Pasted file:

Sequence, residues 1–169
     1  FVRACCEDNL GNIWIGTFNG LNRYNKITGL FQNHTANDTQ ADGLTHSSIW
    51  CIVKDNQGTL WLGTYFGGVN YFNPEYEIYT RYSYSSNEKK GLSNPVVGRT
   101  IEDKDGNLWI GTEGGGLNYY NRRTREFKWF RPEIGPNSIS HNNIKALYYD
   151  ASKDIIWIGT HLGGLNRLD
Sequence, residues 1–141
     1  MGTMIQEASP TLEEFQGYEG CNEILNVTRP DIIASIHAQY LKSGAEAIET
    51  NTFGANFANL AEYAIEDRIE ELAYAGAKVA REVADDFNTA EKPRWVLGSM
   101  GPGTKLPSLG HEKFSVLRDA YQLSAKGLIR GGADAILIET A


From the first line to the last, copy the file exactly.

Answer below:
Sequence, residues 1–169
     1  FVRACCEDNL GNIWIGTFNG LNRYNKITGL FQNHTANDTQ ADGLTHSSIW
    51  CIVKDNQGTL WLGTYFGGVN YFNPEYEIYT RYSYSSNEKK GLSNPVVGRT
   101  IEDKDGNLWI GTEGGGLNYY NRRTREFKWF RPEIGPNSIS HNNIKALYYD
   151  ASKDIIWIGT HLGGLNRLD
Sequence, residues 1–141
     1  MGTMIQEASP TLEEFQGYEG CNEILNVTRP DIIASIHAQY LKSGAEAIET
    51  NTFGANFANL AEYAIEDRIE ELAYAGAKVA REVADDFNTA EKPRWVLGSM
   101  GPGTKLPSLG HEKFSVLRDA YQLSAKGLIR GGADAILIET A